View Full Version : Furniture help

6th Sep 2008, 12:28
Firstly, apologies to mods if this is not appropriate.

I'm going to be a grown up for real soon, so will need to get a few essentials. I'm pretty clued up where to buy fridge/freezer, washing machine etc. I do have a slight problem though... I won't have a dining room in my new place and I won't have space for a dining table (or similar) to be in place permanently. I need to get a folding dining table with chairs that fit in under the table before you fold it to put away. (Am I making sense?).

I've looked at a few web sites (the regular furniture haunts) but can't find anything even remotely similar. I'm now looking for help from you folks.

Please bear in mind that I don't have vast amounts of cash to spend, and I'm not a fan of ebay or similar (picky, aren't I?)

Thanks in advance for any help.


6th Sep 2008, 13:16
I believe son bought just such a table and chairs from John Lewis.
Video:- http://www.flixfacts.co.uk/view/video-fl.php?l=en&d=22&f=john_lewis-81122240&cp=no&btg=WN5&t=fl&p=86&g=-1510996413803142343&txt=
360degree view:- http://www.flixfacts.co.uk/view/virtual.php?l=en&d=22&f=john_lewis-81122240&cp=no&btg=WN5&t=fl&p=86&g=-1510996413803142343&txt=

Union Jack
6th Sep 2008, 13:32
If you don't have vast amounts of cash to spend, this should meet your detailed specification http://tinyurl.com/6hp4km (http://tinyurl.com/6hp4km) :)

More seriously, try http://tinyurl.com/6fypql :ok:

Be safe, and stay picky!


Loose rivets
6th Sep 2008, 16:27
I know you have to get up and running quite quickly, but having all my stuff in storage in the UK for a long time left me looking in charity shops wherever I landed up. I have brought some super things for almost nowt.

The ideas was to give it back to charity when I'm finished with it, but some stuff has been so good that I want to keep it.

I got a beautiful rosewood desk. Huge, and with only a few marks. It had cost $3,500 and I picked it up for $50.

I know you don't want huge old stuff, but a single quality item purchased now, could last you for years. Some kids spend a fortune on new stuff, and it's valueless in a year.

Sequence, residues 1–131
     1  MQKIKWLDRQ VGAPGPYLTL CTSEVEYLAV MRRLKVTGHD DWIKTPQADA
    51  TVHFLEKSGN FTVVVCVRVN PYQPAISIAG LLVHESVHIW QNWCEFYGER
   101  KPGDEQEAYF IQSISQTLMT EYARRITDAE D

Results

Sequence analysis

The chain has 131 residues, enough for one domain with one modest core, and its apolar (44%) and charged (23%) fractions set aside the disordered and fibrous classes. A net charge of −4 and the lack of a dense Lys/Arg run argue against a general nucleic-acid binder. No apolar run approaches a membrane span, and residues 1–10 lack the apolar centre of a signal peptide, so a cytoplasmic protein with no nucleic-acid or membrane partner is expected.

And brickabracking is just such good fun.

6th Sep 2008, 17:00
Thanks all, for your help so far.

Loose rivets, I'm a big fan of second-hand stuff, as I'm getting a sofa/chair, cooker, wardrobe and a fair amount of other stuff from friends/colleagues/local ads. I'll have a look in my local charity shops as well, to see if I can find something interesting...

Thanks again folks.


6th Sep 2008, 17:08
Ikea does a table of this sort. Worth checking out if you're got one nearby. :ok:

Charity shop bargains can be great, I agree.

6th Sep 2008, 18:00
Hang on - this is a pilots' forum... and you're asking about growing up.

Didn't anyone tell you......? ;)

Loose rivets
6th Sep 2008, 18:22
Sometimes charity shops can be very annoying.

When I thought I would retire, I purchased some new clothes and threw away some of the older ones. One was from Marks the Tailors in Colchester c 1959 ...try as I would, it wouldn't do up. :\ <<<my face when trying. Two I got in 1971, so it was perhaps time they went.

I took the blazer to Texas where it languished in the wardrobe until the last spell at home. So, I'd paid 60 quid or so for it. Carted it at least twice across the Atlantic and hung it up in the flat. While out walking, I popped into Oxfam for some better class of wine glasses (not kidding) and there, in a long line of jackets was my blazer. Well, very like mine. So like it in fact that one could not tell the difference...save that it was obviously less traveled than mine. Four f:mad:kin' quid !!!

Mind you, a posher class of cast-offs are expected in Frinton.;)